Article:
The process that led to Virità started long before the idea for the book. I cannot pinpoint the exact moment I started collecting materials. The writing, however, started about two years ago with a monologue I wrote for the theater. In fact, my first protagonist was Peppa La Cannoniera, chosen with a Catanese actress in mind. That is when I understood that “the voice” I had imagined worked. But it was necessary to find a form, a shape that could contain my “hybrid” narration. The monologue alone, written for the theater, while effective, was not enough. I also wanted to narrate the context and provide the historical information that would illuminate the context itself. The first-person narration represents the ideal compromise between theater and narrative.
How did you come up with the title? What does it mean and why did you choose it?
I thought a great deal about the title, with the support of my publisher. The entire project and the individual stories revolve around the term and concept of “Virità.” The truth that has come to us is not always the only possible truth. There are many other hypothetical truths, and different truths are not mutually exclusive. Truth becomes prismatic, relative, prospective. The version changes depending on who is telling the story, who is listening, who has lived it. It gets fuller with each voice.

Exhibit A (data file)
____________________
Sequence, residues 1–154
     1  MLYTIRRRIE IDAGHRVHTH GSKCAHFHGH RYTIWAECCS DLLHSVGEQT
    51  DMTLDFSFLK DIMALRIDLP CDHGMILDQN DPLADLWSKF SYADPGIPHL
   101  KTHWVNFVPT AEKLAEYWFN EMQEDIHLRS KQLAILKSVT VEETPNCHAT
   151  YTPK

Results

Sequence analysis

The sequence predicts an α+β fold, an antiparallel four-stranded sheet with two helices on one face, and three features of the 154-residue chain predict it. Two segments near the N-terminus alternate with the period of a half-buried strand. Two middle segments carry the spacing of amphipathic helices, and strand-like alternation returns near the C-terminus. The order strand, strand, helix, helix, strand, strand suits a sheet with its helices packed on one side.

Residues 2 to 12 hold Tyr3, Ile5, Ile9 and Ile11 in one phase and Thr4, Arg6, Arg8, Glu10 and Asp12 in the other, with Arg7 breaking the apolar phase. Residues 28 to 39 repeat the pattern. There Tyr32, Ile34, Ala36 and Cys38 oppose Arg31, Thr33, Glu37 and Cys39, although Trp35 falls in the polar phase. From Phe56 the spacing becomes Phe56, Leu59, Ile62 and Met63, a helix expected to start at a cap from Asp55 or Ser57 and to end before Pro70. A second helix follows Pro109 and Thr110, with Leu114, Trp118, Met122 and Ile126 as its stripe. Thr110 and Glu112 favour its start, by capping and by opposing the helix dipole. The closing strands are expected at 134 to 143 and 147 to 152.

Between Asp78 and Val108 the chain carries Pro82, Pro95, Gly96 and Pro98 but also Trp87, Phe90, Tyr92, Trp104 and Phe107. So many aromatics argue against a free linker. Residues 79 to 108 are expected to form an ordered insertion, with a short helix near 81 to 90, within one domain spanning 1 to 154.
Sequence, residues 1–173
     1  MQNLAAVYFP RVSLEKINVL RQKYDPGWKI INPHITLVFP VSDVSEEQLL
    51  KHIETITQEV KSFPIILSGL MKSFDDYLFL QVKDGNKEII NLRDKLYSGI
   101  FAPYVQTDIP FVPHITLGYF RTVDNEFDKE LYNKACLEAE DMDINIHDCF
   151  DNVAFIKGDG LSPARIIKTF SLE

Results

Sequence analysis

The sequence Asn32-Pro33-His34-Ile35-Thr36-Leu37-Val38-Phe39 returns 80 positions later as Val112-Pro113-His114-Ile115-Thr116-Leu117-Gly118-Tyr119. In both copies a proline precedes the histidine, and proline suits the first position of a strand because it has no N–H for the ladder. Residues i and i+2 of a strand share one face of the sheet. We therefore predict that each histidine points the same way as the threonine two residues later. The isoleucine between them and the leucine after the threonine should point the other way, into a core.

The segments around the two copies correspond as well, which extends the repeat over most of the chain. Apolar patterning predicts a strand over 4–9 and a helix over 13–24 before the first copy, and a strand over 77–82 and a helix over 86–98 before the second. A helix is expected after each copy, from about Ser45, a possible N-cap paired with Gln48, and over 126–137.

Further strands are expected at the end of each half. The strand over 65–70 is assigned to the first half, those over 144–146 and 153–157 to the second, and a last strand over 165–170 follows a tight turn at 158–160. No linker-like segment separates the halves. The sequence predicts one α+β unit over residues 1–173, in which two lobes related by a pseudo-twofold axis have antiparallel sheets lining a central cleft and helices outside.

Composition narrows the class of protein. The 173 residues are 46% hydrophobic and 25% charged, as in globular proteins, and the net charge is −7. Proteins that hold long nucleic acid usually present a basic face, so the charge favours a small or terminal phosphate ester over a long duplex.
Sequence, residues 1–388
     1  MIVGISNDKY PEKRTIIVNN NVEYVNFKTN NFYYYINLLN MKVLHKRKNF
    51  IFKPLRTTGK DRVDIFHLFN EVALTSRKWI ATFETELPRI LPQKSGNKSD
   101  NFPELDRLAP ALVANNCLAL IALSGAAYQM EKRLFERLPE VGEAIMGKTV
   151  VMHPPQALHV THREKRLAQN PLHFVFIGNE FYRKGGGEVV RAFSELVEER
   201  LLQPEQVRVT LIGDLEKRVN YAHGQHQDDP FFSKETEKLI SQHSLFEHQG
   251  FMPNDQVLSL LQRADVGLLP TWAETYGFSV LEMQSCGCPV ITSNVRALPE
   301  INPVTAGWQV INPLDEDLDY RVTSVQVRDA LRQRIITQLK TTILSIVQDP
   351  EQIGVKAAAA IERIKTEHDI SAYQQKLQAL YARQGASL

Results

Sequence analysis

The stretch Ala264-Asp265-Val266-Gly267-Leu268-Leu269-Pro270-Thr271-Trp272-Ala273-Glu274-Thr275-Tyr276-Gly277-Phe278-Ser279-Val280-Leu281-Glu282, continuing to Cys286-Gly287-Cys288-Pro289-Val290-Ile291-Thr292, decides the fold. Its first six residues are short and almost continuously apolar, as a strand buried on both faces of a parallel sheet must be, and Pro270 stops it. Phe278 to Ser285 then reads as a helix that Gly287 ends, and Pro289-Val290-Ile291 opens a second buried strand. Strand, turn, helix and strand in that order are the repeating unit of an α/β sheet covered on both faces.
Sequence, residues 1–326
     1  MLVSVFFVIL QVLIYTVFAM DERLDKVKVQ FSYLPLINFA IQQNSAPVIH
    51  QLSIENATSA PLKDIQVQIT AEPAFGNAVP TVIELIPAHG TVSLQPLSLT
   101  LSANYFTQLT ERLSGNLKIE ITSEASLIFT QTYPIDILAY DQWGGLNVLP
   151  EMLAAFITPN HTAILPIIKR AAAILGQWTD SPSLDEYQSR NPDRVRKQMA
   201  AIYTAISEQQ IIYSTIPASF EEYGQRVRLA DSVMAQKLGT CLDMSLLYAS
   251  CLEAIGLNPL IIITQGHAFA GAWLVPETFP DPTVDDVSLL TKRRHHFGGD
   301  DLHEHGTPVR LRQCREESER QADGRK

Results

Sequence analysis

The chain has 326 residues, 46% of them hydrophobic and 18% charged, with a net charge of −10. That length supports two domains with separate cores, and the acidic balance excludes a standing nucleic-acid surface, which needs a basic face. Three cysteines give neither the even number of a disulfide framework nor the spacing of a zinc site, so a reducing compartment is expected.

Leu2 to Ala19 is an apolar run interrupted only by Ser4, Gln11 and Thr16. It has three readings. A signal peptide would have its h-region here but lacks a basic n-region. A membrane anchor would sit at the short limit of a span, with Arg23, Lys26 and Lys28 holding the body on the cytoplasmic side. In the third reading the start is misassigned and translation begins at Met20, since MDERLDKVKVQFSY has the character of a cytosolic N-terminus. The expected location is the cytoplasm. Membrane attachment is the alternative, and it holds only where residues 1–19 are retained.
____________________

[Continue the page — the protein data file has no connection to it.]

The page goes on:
The subtitle mentions singular and plural. Why was it important to emphasize this duality?
Talking about the concept of truth entails unraveling a red thread that connects all the protagonists. Perhaps it’s reminiscent of the braided hair on the book cover, forever a symbol of sisterhood. The truth of every protagonist multiplies in the name of an awareness and a coherence independent of the social and cultural background of each woman. It transcends a simple duality. We are talking of chorality and plurality. And if we want to push beyond that, through the duality, we transcend the physicality of the female body. What I am talking about--what my protagonists represent--is a feminine essence that does not necessarily exist only within the bodies of women. My vision comes from a contemporary, international, and inclusive feminism.
The use of pronouns is very significant in your writing. It truly captures this see-saw—or perhaps symbiosis? —of singular and plural. There is the narrating I of the author and the narrating I of each protagonist within the autonomous narrative spaces you create for them. Then, there is a collective Sicilian self—the “we.” Can you talk about the choices you made about narrative perspective?